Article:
GUELPH, ONTARIO--(CCNMatthews - May 10, 2006) - Linamar Corporation (TSX:LNR) ("Linamar" or "the company"), a global supplier who designs, develops and manufactures precision machined components, modules and systems for engine, transmission, chassis and industrial applications primarily for the North American, European and Asia Pacific automotive marketplace, today announced its financial results for the first quarter ended March 31, 2006.
(CDN dollars in thousands except per share figures) Three Months Ended March 31 2006 2005 --------------------------------------------------------------------- $ $ Sales 583,348 529,474 Gross Margin 75,953 63,362 Operating Earnings(1) 45,622 39,568 Earnings from Continuing Operations 26,038 22,405 Net Earnings 25,838 22,405 --------------------------------------------------------------------- Diluted Earnings per Share from Continuing Operations 0.36 0.32 Diluted Earnings per Share 0.36 0.32 ---------------------------------------------------------------------
First Quarter Operating Highlights
In the first quarter, sales increased by 10.2% to $583.3 million compared to $529.5 million in the same quarter last year.
Sales for the dominant North American Automotive Systems operating segment increased $23.9 million or 5.6% to 454.2 million. Contributing to the growth was an increase of 4.4% in North American vehicle production over the first quarter of 2005 and particular growth in medium and heavy duty cylinder head programs, various transmission component programs launched in the prior year, engine block and cylinder head programs for high performance vehicle and connecting rod programs.
(1)"Operating earnings", as used by the chief operating decision makers and management, monitors the performance of the business specifically at the segmented level. Operating earnings is calculated by the company as gross margin less selling, general and administrative expenses. Three Months Ended March 31 2006 2005 --------------------------------------------------------------------- $ $ Gross margin 75,953 63,362 Selling, general and administrative 30,331 23,794 --------------------------------------------------------------------- Operating earnings 45,622 39,568 --------------------------------------------------------------------- Under Canadian generally accepted accounting principles (GAAP), this financial measure does not have a standardized meaning and is unlikely to be comparable to similar measures presented by other issuers.
In Europe, Linamar's first quarter automotive sales declined by a moderate 3.2%, primarily due to reduced sales of automotive products for a European customer. This is largely mitigated by volume increases in various transmission programs. Despite the decline in sales, operating results improved from a loss of $0.3 million in the first quarter of 2005 to a profit of $0.7 million in 2006.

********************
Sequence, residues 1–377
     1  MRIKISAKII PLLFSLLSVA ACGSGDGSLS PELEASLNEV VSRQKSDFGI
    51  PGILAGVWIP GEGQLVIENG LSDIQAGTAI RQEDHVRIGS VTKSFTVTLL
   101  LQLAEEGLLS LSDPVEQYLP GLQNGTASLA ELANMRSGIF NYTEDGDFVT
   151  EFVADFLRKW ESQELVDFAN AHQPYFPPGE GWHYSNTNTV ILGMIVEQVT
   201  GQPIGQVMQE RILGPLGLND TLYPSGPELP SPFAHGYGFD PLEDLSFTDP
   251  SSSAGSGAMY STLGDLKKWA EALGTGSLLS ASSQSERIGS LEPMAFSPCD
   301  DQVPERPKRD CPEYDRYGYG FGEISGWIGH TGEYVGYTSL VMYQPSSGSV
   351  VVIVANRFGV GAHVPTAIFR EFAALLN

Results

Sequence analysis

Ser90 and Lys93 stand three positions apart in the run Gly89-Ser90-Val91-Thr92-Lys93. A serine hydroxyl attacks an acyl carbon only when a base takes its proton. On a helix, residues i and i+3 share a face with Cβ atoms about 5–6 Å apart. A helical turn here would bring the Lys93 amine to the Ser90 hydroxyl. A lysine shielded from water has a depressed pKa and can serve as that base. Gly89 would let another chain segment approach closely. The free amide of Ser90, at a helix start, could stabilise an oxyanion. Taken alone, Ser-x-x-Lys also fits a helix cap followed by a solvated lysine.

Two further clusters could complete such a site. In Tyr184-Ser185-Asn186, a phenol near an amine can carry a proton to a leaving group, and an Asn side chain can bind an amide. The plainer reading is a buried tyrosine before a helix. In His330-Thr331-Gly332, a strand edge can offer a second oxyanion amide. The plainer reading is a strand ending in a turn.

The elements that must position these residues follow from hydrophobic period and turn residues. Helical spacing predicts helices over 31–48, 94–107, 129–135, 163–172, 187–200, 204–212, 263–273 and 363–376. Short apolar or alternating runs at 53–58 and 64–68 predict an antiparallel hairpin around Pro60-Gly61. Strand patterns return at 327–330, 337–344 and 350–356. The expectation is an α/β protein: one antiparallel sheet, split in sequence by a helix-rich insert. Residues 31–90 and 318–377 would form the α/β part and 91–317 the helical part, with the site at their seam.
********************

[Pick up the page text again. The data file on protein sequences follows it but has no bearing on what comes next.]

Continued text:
Content per vehicle for the quarter in North America grew 5% to $96.59, and European content experienced a modest 2.3% decline to $7.65 compared to the first quarter of 2005. Asia Pacific registered content of $0.32 for the quarter.
The Industrial segment experienced significantly higher sales volumes over 2005, resulting in first quarter sales of $95.7 million. This reflects an ongoing strong market for aerial work platforms. Operating earnings for the first quarter for this segment improved in 2006 to $12.8 million as compared to $6.4 million in 2005.
On a geographic segmented basis, Canadian segmented sales for the quarter have increased 6.2% or $25.6 million to $438.9 million from $413.3 million a year earlier. Volume increases on transmission components and heavy and medium duty cylinder heads continue to lead revenue increases, offsetting anticipated declines on certain differential case programs. Some programs, previously consigned, moved to purchased material contracts driving a parallel increase in sales and cost of sales. Market demand for aerial work platforms through fleet replacements and reconditioning services of industrial products have also contributed to the significant growth.
The operating earnings for the Canadian segment declined slightly over the first quarter of 2005 to $34.2 million. Volume increases on existing programs, including medium and heavy duty cylinder heads, along with the many new jobs launched over the past year, continue to outpace planned production decreases for programs such as a differential case, however, costs were incurred during the quarter for the launch of a significant camshaft program. This program is not expected to reach full volumes until 2007.
The U.S. geographic segment recorded a 24.1% increase in sales, reaching $53.5 million during the quarter, an increase of $10.4 million over 2005. An increase in sales to the U.S. customers of Skyjack was driven by market demand. Sales have also increased for the bedplate program through both volume and improved pricing.